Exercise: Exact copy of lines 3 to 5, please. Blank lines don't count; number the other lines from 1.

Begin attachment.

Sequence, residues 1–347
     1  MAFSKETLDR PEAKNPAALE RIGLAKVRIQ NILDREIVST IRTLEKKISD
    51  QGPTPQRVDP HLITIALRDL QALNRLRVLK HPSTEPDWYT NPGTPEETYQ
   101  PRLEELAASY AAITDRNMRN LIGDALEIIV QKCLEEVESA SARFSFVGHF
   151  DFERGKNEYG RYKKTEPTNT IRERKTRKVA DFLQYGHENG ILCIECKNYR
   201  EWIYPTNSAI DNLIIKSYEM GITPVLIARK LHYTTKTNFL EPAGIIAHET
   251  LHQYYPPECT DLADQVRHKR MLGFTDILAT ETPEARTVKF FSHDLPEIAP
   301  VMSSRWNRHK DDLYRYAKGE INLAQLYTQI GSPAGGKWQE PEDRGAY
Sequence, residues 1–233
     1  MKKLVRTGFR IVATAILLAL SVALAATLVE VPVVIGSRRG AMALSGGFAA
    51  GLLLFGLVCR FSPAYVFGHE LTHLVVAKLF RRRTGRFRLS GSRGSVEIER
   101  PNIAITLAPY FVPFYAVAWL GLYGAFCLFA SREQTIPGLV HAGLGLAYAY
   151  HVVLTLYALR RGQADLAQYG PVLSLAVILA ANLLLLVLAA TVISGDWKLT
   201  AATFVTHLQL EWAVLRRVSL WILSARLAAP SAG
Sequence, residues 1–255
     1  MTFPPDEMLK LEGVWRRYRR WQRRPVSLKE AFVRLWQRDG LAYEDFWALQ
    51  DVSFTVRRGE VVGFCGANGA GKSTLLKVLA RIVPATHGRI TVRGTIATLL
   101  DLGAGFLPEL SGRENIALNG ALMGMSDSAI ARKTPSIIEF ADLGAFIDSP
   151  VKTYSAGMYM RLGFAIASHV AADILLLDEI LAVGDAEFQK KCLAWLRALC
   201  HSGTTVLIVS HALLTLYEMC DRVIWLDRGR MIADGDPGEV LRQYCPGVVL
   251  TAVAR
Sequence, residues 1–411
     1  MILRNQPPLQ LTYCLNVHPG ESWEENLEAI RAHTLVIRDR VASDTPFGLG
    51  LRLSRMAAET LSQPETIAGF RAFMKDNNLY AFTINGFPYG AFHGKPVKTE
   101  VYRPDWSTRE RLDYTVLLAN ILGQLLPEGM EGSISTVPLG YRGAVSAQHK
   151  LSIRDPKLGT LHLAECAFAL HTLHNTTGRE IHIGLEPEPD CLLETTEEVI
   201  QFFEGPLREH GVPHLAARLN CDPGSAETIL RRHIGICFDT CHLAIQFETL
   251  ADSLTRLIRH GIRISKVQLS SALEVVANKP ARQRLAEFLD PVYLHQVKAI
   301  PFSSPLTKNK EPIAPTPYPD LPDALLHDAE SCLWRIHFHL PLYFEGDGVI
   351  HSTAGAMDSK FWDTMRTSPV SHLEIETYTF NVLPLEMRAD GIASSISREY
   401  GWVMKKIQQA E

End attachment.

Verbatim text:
    51  QGPTPQRVDP HLITIALRDL QALNRLRVLK HPSTEPDWYT NPGTPEETYQ
   101  PRLEELAASY AAITDRNMRN LIGDALEIIV QKCLEEVESA SARFSFVGHF
   151  DFERGKNEYG RYKKTEPTNT IRERKTRKVA DFLQYGHENG ILCIECKNYR